“In Sometimes the Magic Works, New York Times bestselling author Terry Brooks shares his secrets for creating unusual, memorable fiction. Spanning topics from the importance of daydreaming to the necessity of writing an outline, from the fine art of showing instead of merely telling to creating believable characters who make readers care what happens to them, Brooks draws upon his own experiences, hard lessons learned, and delightful discoveries made in creating the beloved Shannara and Magic Kingdom of Landover series, The Word and The Void trilogy, and the bestselling Star Wars novel The Phantom Menace.
In addition to being a writing guide, Sometimes the Magic Works is Terry Brooks’s self-portrait of the artist. “If you don’t think there is magic in writing, you probably won’t write anything magical,” says Brooks. This book offers a rare opportunity to peer into the mind of (and learn a trick or two from) one of fantasy fiction’s preeminent magicians.” — Amazon blurb.
I really enjoyed this book; I love reading about how successful authors started their career. The majority of this book focuses on Brooks’ journey: how his success was launched by a perfect storm at the start of Del Rey books, how he stumbled along the way, and how the mind of a continual, lifetime storyteller works. I found his discussion of how his imagination has interfered with his everyday life illuminating, and especially enjoyed his two chapters about playing and exploring with his grandson Hunter. His style made me feel like I was sitting down and hearing him reminisce with a good friend.
His comments on craft are interspersed throughout the book. There is a section on outlining, the importance of letting your mind wander, and some traditional advice on writing engaging fiction (show don’t tell, start and end strong, etc.) If you’re a fan of Brooks’ style of fiction and were hoping for an in-depth look at his craft, this book isn’t it. It is more of a endearing and meandering conversation, where old nuggets of wisdom are professionally spit-shined so that even the most well-read could appreciate a thing or two.
I loved the “show don’t tell” example on pages 125-126:
Telling: “Maud was eighty-one years of age with piercing dark eyes and s tiff, squared-away stance that suggested aching joints. Gray hair hung in a single braid down her back, tied at the end with a ribbon. Deep age lines marked her strong, plain face. She was missing her right arm, the sleeve of her cotton dress pinned against the breast and neatly folded at the elbow. For any years, she had worked in a bookstore, and before that, as a CIA operative. She loved cats and had two old toms at present named Kibbles and Bits. But while cats were welcome in her home, birds were not. She hated birds because as a child she had always been afraid of their beady, quick eyes and sharp little beaks.”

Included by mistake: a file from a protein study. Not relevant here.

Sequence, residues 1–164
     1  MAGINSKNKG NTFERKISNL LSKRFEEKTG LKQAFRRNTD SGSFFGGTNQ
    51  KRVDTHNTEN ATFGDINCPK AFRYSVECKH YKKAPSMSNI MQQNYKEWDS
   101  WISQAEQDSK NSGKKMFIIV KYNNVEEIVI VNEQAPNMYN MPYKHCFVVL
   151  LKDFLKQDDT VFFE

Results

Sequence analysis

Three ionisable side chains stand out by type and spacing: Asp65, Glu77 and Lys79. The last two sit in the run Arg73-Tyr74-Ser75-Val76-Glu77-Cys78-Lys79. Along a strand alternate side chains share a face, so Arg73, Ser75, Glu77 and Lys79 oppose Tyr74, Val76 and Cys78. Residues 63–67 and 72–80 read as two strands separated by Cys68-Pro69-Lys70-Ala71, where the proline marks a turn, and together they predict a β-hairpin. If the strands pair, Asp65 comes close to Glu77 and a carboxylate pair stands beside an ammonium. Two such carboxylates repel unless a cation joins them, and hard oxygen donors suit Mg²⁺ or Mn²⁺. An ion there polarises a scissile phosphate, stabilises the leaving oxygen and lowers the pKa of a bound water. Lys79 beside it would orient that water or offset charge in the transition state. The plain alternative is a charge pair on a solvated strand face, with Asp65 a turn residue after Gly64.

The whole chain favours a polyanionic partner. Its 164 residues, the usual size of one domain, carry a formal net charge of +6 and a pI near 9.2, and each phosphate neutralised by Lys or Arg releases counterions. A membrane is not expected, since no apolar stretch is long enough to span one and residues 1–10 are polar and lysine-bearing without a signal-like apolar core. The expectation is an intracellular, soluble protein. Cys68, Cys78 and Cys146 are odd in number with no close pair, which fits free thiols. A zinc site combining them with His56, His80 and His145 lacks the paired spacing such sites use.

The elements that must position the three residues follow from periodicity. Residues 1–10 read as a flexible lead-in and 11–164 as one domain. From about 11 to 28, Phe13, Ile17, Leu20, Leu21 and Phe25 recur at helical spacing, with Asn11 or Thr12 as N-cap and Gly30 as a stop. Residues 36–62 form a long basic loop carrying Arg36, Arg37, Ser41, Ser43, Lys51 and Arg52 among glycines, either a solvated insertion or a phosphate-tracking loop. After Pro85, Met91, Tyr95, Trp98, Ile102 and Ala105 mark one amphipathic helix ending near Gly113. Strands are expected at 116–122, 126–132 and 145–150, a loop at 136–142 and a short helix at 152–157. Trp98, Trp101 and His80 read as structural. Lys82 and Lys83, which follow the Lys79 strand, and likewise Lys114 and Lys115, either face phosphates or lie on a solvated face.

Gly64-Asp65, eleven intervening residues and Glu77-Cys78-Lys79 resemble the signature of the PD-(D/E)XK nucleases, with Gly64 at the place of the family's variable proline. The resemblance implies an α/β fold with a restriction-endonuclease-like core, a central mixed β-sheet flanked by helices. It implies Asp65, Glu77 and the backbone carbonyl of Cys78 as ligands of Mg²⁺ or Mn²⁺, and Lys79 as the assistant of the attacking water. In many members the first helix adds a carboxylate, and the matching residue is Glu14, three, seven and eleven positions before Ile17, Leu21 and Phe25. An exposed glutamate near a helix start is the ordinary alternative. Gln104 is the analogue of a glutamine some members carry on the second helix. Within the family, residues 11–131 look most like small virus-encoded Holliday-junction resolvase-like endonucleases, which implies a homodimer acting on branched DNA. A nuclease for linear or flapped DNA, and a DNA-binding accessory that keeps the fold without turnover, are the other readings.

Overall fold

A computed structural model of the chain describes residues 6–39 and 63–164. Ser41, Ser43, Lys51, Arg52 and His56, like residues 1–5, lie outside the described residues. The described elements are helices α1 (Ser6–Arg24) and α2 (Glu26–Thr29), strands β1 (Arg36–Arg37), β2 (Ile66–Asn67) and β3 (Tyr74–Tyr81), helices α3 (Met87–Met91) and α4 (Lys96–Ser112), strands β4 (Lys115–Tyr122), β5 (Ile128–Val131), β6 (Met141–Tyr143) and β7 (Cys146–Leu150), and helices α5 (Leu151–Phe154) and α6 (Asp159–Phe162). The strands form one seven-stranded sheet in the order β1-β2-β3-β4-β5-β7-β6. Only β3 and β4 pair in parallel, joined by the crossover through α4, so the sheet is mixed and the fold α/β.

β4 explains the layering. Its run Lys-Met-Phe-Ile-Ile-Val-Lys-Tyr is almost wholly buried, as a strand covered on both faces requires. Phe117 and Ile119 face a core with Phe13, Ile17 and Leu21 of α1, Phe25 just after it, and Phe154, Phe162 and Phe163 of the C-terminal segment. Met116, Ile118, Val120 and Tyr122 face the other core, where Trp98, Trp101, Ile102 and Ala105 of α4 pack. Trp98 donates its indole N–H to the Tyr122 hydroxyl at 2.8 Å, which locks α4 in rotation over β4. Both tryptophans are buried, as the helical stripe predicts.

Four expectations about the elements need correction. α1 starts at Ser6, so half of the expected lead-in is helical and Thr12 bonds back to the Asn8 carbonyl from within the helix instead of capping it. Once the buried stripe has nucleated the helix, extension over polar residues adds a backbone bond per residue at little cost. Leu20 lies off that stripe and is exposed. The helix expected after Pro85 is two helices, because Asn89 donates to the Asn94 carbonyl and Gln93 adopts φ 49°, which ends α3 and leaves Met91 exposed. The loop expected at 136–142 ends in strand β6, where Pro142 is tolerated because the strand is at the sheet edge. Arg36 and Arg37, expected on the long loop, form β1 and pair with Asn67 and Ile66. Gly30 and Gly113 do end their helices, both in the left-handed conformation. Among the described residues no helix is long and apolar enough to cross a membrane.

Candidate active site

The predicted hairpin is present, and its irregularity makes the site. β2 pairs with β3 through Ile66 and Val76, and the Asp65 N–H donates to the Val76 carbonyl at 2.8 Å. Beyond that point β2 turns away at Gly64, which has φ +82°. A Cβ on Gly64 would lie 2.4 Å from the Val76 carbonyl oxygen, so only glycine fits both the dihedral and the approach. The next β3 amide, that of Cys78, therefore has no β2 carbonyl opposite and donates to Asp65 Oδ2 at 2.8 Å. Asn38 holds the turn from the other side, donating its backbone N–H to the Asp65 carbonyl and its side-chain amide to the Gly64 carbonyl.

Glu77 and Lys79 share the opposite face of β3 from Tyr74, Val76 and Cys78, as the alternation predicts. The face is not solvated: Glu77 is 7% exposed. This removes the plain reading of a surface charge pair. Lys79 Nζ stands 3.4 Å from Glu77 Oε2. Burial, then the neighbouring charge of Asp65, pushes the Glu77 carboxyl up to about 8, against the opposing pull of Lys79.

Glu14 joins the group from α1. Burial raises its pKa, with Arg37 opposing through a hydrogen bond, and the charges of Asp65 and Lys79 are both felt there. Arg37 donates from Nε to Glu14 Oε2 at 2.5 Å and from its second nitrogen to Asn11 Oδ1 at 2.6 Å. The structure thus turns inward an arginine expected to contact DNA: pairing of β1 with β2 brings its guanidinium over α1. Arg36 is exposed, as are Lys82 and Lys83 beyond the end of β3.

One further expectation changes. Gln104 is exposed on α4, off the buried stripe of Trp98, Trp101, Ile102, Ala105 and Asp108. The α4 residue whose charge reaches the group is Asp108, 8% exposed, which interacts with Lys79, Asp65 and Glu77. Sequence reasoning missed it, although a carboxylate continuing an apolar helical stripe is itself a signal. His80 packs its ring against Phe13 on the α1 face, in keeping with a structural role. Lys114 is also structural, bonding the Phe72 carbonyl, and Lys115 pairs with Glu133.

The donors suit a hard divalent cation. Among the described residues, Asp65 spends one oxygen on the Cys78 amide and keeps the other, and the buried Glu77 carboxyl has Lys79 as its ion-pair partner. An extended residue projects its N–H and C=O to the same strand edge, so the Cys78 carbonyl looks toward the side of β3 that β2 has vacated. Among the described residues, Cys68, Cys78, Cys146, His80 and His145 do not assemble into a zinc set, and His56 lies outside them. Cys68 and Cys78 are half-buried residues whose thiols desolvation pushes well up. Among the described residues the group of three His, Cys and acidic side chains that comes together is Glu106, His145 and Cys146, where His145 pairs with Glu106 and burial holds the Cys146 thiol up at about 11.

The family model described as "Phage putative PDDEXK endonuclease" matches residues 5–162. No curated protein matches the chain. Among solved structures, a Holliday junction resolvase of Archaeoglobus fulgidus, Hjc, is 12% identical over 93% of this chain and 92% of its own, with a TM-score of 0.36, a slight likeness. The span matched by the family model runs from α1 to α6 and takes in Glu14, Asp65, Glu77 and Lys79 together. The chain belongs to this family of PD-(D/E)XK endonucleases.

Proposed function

Showing (I particular liked the underlined sentences): “Maud moved gingerly today, the result of another twenty-four hours added to her eighty-one years. Oddly enough, she felt the same as always, although her dark eyes might give her away to someone looking closely enough. Ignoring her stiffness and the ache in her joints, she brushed lightly at her braided gray hair and smiled at the sunlight streaming through her cabin window. The smile gave her lined face a warm and reassuring cast, the sort that always suggested to those she encountered that she had a good heart. Kibbles, the better half of Bits, trotted up to her, and she picked up the old tom and held him in the cradle of her good left arm. She glanced down at the empty right sleeve of her dress, checking her appearance the way she had been taught to do during her years with the CIA. Government agent never forgot their training. Or maybe it was booksellers who never forgot, she couldn’t remember. She laughed silently at herself, able to push back the years and the past. On a day like this, she could even feel kindly toward birds, and that was rare indeed.“
I also enjoyed reading the chapter “On the Trail of Tolkien” where Brooks talks about what he feels the greatest similarity is between them. In my own writing, I want to keep this chapter firmly in mind. Here’s my favourite part, from page 190: “It was Tolkien’s genius to reinvent the traditional epic fantasy by making the central character neither God nor hero, but a simple man in search of a way to do the right thing… Ordinary men placed in extraordinary circumstances are far more interesting.”
I would strongly recommend this book to someone who enjoys author biographies, but in terms of a craft book I think there are better ones out there. Regardless, if you are considering writing Fantasy, this is a great book to pick up.